My sweet mama.
All my life, she’s been my spiritual mentor. A spiritual giant really. She’s been my Sunday School teacher and my Bible drills instructor. We’ve read a yearly Bible reading plan together. She served as the women’s ministry director at her church the same time I held the same role at mine. Often, when we talk on the phone, we dive into deep theological waters. We love Jesus and his church.
She knows all the ways I’ve been exploring the Christian faith. I’ve been learning new-to-me spiritual practices and visiting churches who worship differently than I do. While I think an individual’s local church should remain a priority, my faith has also grown by visiting other churches occasionally. I’ve even discovered new things I can bring back to my church to enhance our worship experiences.
Last summer, while on vacation, I talked Mom into attending Catholic Mass. We’ve never been Catholic; my mom still attends a Southern Baptist Church, and I am now a member of the Reformed Church of America. I took her and my daughter to Mass because I find it meaningful to worship with my Catholic brothers and sisters from time to time.
Toward the end of Mass, the Priest prepared for Communion. My daughter has gone to Mass with me before, but this was Mom’s first time. We stood up when everyone else did, but rather than head out the back door, as my daughter and I know to do, Mom got in line to receive Communion. Mortified, I grabbed her arm and ushered her out of the church.
Mom didn’t know other believers can’t take Communion with Catholics. They believe in transubstantiation, (the conversion of the substance of the Eucharistic elements into the body and blood of Christ at consecration, only the appearances of bread and wine remaining). As Protestants, we don’t believe this is quite what’s happening at the Lord’s Table, so we may go forward to receive a blessing from the Priest , but can’t take part in the Eucharist.
What would my mom have done when she got to the front? She didn’t know about crossing one’s hands in front of her chest to signify she’s there for a blessing. Would the priest have refused her? Do we look Protestant? Awkward.
Maybe just reading this story makes you nervous, and you weren’t even there! It’s uncomfortable to stretch our faith wings. We sit in the little nests of our own denominations, not flying around much to learn from other faith traditions.
I believe there’s more of Jesus to be found when we leave our nests and soar.I believe there’s more of Jesus to be found when we leave our nests and soar. Click To Tweet
Believe me, I was uncomfortable the first few times I visited a Mass too. Also when I attended a Lutheran church and discovered I could drink actual wine for Communion. At my first Sixth Hour prayer service with the Orthodox, I wondered why others knelt and kissed a framed picture of Jesus set on a stand at the entrance to the room. My friend and I went to hear Christian author, Lisa Bevere, speak at a local church last fall. When the worship leader told the large crowd to spread out across the sanctuary, making room for worship, and as they swayed and raised their hands, we looked at one another with hesitation.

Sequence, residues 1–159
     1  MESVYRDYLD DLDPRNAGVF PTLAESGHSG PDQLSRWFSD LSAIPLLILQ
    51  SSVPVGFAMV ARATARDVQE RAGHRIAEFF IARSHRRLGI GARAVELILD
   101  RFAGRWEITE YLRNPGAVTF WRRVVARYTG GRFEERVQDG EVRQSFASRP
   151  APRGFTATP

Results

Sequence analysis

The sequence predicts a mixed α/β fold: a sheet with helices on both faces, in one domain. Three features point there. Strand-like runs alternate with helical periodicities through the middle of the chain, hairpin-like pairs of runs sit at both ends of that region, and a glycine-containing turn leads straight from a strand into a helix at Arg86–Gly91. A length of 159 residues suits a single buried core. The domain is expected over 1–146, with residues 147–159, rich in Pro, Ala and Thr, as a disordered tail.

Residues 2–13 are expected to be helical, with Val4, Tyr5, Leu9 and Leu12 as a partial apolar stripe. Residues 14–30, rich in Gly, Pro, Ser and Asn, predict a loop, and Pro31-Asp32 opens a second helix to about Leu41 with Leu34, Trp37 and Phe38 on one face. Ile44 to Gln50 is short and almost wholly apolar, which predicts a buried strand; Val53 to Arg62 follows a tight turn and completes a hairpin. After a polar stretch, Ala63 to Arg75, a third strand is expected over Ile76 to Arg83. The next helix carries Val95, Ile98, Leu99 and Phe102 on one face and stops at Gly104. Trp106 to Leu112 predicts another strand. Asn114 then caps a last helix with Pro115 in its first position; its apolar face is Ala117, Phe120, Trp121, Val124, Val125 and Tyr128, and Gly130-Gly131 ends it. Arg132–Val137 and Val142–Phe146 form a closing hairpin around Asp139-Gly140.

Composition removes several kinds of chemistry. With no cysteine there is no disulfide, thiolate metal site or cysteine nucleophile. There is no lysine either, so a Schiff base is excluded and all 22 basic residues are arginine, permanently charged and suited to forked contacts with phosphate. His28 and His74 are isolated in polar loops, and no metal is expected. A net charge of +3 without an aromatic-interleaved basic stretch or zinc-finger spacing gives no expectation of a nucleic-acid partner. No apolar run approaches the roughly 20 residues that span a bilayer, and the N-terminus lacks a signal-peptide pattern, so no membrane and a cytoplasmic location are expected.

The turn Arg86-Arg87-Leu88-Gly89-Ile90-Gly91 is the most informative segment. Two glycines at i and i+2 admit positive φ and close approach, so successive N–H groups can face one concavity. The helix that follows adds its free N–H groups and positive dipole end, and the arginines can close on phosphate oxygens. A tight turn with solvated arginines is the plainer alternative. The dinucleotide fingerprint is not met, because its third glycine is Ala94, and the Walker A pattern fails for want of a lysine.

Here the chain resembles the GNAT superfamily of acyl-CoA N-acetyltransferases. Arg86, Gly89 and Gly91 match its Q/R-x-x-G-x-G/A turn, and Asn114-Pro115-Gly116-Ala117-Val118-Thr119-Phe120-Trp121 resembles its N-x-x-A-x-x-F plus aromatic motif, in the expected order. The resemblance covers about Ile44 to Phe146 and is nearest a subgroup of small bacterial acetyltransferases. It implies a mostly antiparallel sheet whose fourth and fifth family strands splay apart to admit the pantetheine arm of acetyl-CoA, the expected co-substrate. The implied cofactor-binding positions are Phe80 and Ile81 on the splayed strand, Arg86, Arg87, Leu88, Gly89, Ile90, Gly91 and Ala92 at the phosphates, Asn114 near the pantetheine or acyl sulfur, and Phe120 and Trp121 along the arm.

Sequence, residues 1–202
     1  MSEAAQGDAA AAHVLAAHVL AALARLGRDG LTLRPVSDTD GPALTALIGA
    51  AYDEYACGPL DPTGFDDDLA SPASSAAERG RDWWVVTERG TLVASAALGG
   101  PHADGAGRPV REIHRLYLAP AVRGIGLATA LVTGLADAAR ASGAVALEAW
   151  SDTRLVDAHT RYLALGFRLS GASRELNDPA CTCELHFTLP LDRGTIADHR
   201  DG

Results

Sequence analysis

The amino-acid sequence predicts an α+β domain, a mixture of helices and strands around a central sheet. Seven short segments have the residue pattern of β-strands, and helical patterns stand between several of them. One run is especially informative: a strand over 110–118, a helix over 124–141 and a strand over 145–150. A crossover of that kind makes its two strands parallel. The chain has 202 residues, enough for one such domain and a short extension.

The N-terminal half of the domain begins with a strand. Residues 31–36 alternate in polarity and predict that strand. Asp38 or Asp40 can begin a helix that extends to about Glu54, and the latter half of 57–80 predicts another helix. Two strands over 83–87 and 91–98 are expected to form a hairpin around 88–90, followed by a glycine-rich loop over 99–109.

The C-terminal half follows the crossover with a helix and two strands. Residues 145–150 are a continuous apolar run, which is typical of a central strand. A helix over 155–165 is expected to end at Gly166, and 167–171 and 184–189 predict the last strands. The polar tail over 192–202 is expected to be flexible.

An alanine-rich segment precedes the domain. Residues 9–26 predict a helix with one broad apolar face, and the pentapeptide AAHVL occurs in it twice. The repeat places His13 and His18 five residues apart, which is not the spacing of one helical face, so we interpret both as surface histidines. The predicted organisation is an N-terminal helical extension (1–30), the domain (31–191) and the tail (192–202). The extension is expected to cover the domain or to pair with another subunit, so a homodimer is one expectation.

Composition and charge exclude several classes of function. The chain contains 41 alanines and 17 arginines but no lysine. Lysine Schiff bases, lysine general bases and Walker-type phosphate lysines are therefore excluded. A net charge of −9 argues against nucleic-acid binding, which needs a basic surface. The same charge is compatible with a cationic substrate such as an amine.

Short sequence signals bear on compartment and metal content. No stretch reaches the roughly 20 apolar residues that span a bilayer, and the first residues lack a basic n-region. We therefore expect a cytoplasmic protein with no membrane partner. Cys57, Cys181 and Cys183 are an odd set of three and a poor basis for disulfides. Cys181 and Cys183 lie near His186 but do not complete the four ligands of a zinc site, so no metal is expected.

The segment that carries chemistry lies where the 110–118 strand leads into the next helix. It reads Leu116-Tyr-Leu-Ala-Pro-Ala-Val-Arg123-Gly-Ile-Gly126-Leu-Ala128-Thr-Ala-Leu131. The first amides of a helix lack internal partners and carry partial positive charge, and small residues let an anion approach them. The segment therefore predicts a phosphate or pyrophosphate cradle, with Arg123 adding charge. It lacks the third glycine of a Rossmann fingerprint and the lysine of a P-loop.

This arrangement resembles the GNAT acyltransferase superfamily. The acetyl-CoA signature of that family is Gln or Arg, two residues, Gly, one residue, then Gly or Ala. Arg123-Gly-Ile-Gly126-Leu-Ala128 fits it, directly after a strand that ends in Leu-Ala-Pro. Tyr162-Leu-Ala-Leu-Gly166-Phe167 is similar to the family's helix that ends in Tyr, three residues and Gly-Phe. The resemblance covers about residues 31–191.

When it comes to all the ways other Christians worship Jesus, what are we afraid of?
Doing it wrong?
Going against what the Bible teaches?
I’ve discovered the benefits outweigh any discomfort that’s holding us back. Without a doubt, we should heed the words we read regarding the Berean believers in Acts:
We have a responsibility to familiarize ourselves with Scripture to know if a church we’re visiting is doing something counter to what the Bible teaches. I’ve also learned to trust the Holy Spirit’s guidance in these situations, but there’s a difference in his conviction and our discomfort. Practice discernment. Finally, in all the churches I’ve visited, I have never felt unwelcome. Most of the time, I am left alone to experience things on my own. Occasionally, though, church leadership and members alike have introduced themselves and answered questions I may have.
In the Catholic church, I know the satisfaction of dipping my hands in holy water.
The musical chanting at the Orthodox church is amazing.
With a full heart, I remember the toddler in her mom’s arms at the non-denominational church, and how they received Communion together.
The time of silent prayer, when God spoke so loudly to my spirit, among an ecumenical gathering of writers.
The opportunity to witness a dad baptizing his elementary-aged son.
Don’t miss out on these Christian experiences because you’re fearful. There’s more, much more, of Jesus to be found among our church traditions.
About the Author
Traci Rhoades, Guest Writer
Traci has a faith-based blog, Traces of Faith. In addition to writing articles, she manages the social media accounts affiliated with her blog. Her work has been published in Patheos, CBE International, Her View From Home and The Mudroom Blog. She is passionate about church unity and helping believers develop a better understanding of Christ’s church across cultural and denominational lines.
She’s blessed with a husband and one daughter – and if you include their dogs, cats, pigs, guinea hens, and chickens – then there are a lot more blessings to count!
Want to Read More Stories of People Reaching Beyond Their Fears?
Redefining Fear by Jennifer Cotney
Flying Through the Air with Faith by Amy Merritt
Faith, Fear, and Fire Hydrants by Chip Mattis
The Dreaded F Word by Norma Poore
His Hope in the Darkness by Alynda Long